Throughout mammalian species, inflammatory disorders of the central nervous system (CNS) are associated with substantial morbidity, mortality and long-term neurological deficits. Aetiopathogenically, they can be broadly categorised into infectious and immune-mediated disorders1. All too often, however, the cause of an encephalitis remains unknown and leaves clinicians, patients and owners of affected pets with considerable uncertainty about its origin, treatment options and, hence, prognosis. The latter holds true particularly for the large histopathologically convergent group of non-suppurative, lymphohistiocytic encephalitides. A substantial proportion of these cases remains unsolved using conventional diagnostic methods, such as immunohistochemistry (IHC), in situ hybridization (ISH), and polymerase chain reaction (PCR) techniques for regional neurotropic pathogens2,3,4,5,6,7,8,9.

One of those controversial encephalitides of possibly infectious origin is the so-called ‘staggering disease’ of domestic cats (Felis catus). It has been described first in the 1970s in the Swedish Lake Mälaren region between Stockholm and Uppsala10, which remains a hotspot of ‘staggering disease’ to the present. In the 1990s, feline ‘staggering disease’ was also described in a region close to Vienna in Austria11,12. Neurologic disorders resembling this disease entity have been described also in domestic cats in other European countries6,13,14 and even in other felids15,16.

The most prototypic clinical sign of ‘staggering disease’ is hind leg ataxia with a generally increased muscle tone resulting in a staggering gait. In addition, a broad range of other neurologic signs may occur, including the inability to retract the claws, hyperaesthesia and occasionally tremors and seizures. Behavioural alterations include enhanced vocalization, depression, becoming more affectionate, and rarely aggression10,12,17,18. The disease progression usually lasts a few days to a few weeks, but may also continue for more than a year, and it generally results in deterioration requiring euthanasia for animal welfare reasons. The histopathology of ‘staggering disease’ is characterized by a non-suppurative, predominantly lymphohistiocytic meningoencephalomyelitis with angiocentric immune cell infiltration and perivascular cuffing predominantly in the grey matter of the CNS10,12,17,18,19.

Due to its usually typical clinical presentation, its uniform histopathology and its geographically associated occurrence, feline ‘staggering disease’ has always been suspected as a cohesive disease entity with a consistent aetiology. While the microscopic pattern has suggested a viral origin, its aetiological agent has remained undetermined for almost five decades. For a long time, Borna disease virus 1 (BoDV-1; species Orthobornavirus bornaense; family Bornaviridae), which causes neurologic disorders in various mammals including humans20,21,22, has spearheaded the panel of aetiological candidates19,23,24,25,26,27,28. BoDV-1-induced neurologic disease of domestic cats has been demonstrated after experimental infection29 as well as in a single case of confirmed natural infection in Switzerland30. However, unequivocally confirmed BoDV-1 infections in domestic mammals are reported only from restricted endemic areas in Germany, Austria, Switzerland and Liechtenstein20,21,22,31,32, whereas results suggesting natural BoDV-1 infections in cats with ‘staggering disease’ in Sweden remained inconclusive. In particular, unambiguous and consistent BoDV-1 detection with independent diagnostic methods could not be presented. Furthermore, BoDV-1 sequences reported from Sweden did not match the phylogeographic pattern, as observed for evidently infected individuals in the known endemic areas of BoDV-1, and are therefore suspected to rather represent laboratory artifacts20,31,32.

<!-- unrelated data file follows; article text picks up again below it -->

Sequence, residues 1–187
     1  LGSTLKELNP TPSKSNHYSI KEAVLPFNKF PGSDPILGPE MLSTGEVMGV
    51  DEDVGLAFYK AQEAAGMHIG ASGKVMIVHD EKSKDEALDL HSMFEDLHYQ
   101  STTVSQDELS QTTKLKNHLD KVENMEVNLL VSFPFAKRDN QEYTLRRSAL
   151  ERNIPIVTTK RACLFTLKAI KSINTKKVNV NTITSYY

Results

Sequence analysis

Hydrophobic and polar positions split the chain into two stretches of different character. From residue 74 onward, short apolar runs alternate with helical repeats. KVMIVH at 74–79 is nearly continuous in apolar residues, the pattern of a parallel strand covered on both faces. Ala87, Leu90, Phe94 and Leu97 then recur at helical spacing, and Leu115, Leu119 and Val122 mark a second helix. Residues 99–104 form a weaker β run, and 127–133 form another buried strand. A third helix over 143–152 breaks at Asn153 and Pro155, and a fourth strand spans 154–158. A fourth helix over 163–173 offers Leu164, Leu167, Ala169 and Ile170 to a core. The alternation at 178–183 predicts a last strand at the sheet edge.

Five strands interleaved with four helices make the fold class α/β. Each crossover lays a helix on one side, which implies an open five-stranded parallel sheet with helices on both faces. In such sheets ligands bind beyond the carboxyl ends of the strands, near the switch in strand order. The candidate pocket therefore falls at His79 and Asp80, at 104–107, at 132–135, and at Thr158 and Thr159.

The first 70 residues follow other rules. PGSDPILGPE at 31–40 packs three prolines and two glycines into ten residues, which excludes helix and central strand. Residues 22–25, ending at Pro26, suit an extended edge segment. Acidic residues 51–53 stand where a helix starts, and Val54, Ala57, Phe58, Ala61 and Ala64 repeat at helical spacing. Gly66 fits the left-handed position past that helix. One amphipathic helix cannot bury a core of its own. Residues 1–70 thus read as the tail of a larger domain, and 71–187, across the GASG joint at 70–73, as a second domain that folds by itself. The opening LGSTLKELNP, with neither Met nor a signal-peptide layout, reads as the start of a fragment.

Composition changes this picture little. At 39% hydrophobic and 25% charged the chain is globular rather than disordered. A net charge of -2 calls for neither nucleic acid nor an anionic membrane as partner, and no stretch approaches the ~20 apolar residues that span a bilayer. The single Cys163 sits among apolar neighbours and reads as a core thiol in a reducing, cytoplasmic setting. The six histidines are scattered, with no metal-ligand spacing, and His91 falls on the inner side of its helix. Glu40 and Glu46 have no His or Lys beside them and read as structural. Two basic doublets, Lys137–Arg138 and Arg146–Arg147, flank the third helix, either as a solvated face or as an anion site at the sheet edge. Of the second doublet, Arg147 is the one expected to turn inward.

Fortunately, advances in clinical metagenomics over the previous years have provided us with promising tools for the detection of new or unexpected pathogens involved in hitherto unexplained encephalitides33,34,35,36,37,38.

One of these recently discovered encephalitic agents is rustrela virus (RusV; Rubivirus strelense; Matonaviridae), a relative of rubella virus (RuV; Rubivirus rubellae), the causative agent of rubella in humans37,39. RusV was first identified in the brains of various mammals in a zoo close to the Baltic Sea in northern Germany37,40. These animals had suffered from neurologic disorders associated with lymphohistiocytic encephalitis37,38,40. Yellow-necked field mice (Apodemus flavicollis) without apparent encephalitis were considered as possible reservoir hosts of the virus in that area37,40.

Here, we report the presence of RusV in the brains of cats with non-suppurative, lymphohistiocytic meningoencephalomyelitis and neurologic disorders matching the description of ‘staggering disease’ from Sweden, Austria, and Germany. The virus was first detected by application of an established metagenomic workflow41, which was further confirmed by independent methods, including RT-qPCR, ISH and IHC. In contrast, RusV was not detected in the brains of control cats without neurologic disease or with encephalopathies of other causes from the same or nearby geographic regions. Thus, our investigation on recent and historic cases, dating back to the 1990s, provide evidence that RusV has been the causative agent of long-known feline ‘staggering disease’.